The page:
Five Facts you didn’t know about Great White Sharks

Great white sharks are powerful, warm-blooded fish that have existed in our oceans for millions of years. Despite their fearsome reputation, the great white shark population is suffering greatly at the hands of man. How much do you really know about great white sharks?

shark cage diving Gansbaai

They don’t have eyelids

Sharks don’t have eyelids. When a great white attacks its prey, its eyes roll backwards as a protection mechanism from flailing teeth or sharp fins. This means for the last second, the shark is not actually able to see its prey at all.

The largest great white ever recorded was 6.4m (21 feet) long

The biggest great white ever recorded was caught off the coast of Cuba in 1945. This specimen was over six metres long and weighed 3,324kg. Two other, slightly smaller six metre sharks have also been reliably recorded in Western Australia and Prince Edward Island.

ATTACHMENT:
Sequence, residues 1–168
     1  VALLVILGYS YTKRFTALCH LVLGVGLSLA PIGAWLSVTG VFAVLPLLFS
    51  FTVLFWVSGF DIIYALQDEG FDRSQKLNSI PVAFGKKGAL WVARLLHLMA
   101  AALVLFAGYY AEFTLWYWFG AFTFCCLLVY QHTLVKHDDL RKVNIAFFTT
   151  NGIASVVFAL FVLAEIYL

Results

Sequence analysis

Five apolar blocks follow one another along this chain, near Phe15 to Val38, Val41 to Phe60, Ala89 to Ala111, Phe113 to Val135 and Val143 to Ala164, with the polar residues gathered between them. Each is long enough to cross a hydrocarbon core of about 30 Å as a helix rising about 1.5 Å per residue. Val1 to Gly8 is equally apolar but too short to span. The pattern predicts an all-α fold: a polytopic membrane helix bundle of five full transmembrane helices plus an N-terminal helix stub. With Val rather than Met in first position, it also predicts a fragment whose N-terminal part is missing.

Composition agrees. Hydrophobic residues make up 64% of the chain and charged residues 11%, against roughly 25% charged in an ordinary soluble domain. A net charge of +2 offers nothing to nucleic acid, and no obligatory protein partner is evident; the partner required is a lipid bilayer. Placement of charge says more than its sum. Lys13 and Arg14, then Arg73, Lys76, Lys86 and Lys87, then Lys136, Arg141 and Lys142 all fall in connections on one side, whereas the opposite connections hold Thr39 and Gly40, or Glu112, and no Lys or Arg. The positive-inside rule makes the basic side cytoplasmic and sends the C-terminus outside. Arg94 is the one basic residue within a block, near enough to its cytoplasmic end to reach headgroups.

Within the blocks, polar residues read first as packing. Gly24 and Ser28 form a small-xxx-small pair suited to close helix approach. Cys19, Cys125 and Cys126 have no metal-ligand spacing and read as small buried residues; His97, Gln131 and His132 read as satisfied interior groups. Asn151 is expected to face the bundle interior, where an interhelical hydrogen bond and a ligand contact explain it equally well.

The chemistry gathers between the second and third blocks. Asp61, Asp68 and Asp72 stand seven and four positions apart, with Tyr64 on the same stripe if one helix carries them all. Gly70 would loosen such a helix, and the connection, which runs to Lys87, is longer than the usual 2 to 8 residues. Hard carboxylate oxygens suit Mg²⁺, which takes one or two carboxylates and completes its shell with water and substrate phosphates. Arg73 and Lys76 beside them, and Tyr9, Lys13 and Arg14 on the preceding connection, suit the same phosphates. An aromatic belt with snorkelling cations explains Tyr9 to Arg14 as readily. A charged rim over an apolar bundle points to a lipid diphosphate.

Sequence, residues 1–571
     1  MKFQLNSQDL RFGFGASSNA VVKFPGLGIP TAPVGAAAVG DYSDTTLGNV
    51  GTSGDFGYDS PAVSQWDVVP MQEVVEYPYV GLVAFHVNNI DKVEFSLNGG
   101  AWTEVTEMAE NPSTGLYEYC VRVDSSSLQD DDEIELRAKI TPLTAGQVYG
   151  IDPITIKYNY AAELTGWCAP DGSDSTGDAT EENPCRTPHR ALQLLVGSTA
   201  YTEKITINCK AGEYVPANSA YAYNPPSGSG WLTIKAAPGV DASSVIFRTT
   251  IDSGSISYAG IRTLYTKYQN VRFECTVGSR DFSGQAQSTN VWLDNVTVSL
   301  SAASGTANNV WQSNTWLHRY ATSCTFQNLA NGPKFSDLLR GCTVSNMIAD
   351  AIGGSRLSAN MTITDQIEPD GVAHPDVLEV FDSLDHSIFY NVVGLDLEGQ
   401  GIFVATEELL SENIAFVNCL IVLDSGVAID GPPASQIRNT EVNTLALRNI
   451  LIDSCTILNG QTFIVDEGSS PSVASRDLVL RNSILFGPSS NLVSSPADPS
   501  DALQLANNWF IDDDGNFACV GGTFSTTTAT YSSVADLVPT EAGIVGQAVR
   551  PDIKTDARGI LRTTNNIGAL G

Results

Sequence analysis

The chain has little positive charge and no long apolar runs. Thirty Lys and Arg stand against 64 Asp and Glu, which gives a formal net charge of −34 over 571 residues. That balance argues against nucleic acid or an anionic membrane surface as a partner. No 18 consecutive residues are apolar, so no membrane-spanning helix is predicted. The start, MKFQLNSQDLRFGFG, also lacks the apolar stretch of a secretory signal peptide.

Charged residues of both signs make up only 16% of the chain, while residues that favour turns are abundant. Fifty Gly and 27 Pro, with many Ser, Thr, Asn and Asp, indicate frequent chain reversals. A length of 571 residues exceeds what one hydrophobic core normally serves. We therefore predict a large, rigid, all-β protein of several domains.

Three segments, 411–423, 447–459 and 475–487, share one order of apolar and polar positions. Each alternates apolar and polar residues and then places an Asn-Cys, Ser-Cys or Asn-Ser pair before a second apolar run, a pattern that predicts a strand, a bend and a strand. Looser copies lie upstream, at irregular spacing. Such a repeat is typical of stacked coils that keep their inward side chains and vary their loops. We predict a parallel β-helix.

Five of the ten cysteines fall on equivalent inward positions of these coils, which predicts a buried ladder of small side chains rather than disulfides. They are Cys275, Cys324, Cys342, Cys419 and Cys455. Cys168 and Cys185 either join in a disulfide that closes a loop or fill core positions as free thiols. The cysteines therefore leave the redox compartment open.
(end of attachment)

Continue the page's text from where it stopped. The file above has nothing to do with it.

great white shark
Pregnancy lasts 18 months

Great white shark mothers give birth to litters of two to six young, after a gestation period of around 18 months. When born, the young measure four to five feet in length. Great whites give no care for their offspring after birth and new-born pups often stay in the safety of the area in which they were born to avoid cannibalism.

Females are typically bigger than males

Female great white sharks are approximately one metre longer than male great white sharks. Female adults reach an average length of 16 feet, while male adults reach about 12 feet. It is thought that they are bigger as more girth is needed to carry their young.

They are incredible healers

Great white sharks have astounding healing abilities. Not only do they rapidly heal from minor wounds, but also very deep ones that would be fatal for other species. Take a look at the case of ‘Prop’ – a Gansbaai shark that was cut almost down to the spine by a boat propeller. In 9 months, this shark’s wounds were entirely healed, as documented in the video below.

The coast of South Africa is one of the best places in the world to see great white sharks. The area around Shark Alley and Dyer Island is ideal for shark cage diving and offers spectacular sightings of shark breaching and seal predation. Enquiries about shark cage diving tours with Shark Zone can be made on our online bookings page here.